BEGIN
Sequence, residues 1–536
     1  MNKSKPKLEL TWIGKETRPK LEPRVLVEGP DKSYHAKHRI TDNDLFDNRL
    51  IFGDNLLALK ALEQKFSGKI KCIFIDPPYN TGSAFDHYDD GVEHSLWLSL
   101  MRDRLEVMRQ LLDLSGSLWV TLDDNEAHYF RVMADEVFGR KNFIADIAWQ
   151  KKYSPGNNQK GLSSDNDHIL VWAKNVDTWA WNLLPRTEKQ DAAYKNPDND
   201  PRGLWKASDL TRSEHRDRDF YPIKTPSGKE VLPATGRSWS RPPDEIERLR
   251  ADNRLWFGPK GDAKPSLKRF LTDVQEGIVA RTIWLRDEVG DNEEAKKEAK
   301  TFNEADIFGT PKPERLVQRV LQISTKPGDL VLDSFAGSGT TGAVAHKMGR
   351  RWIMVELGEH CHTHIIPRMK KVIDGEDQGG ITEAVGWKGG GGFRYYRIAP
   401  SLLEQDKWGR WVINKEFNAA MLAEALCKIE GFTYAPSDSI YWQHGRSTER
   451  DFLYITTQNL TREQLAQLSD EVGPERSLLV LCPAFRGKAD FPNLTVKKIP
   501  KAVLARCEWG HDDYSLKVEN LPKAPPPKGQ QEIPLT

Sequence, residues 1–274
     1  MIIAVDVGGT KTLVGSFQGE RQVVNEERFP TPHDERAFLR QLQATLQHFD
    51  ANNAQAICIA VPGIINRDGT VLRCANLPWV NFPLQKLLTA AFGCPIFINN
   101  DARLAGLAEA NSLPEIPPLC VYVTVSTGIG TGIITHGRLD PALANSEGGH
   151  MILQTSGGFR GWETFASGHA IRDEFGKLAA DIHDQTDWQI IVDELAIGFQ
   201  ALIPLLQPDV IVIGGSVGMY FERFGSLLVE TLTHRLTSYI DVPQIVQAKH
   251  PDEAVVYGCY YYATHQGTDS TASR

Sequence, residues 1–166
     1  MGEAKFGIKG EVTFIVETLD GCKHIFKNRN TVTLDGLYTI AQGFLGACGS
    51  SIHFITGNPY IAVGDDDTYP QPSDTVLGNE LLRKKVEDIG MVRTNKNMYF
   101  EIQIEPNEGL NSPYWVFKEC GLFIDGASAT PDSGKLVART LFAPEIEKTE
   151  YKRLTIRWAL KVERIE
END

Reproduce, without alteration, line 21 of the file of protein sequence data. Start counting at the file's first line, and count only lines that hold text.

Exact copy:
     1  MGEAKFGIKG EVTFIVETLD GCKHIFKNRN TVTLDGLYTI AQGFLGACGS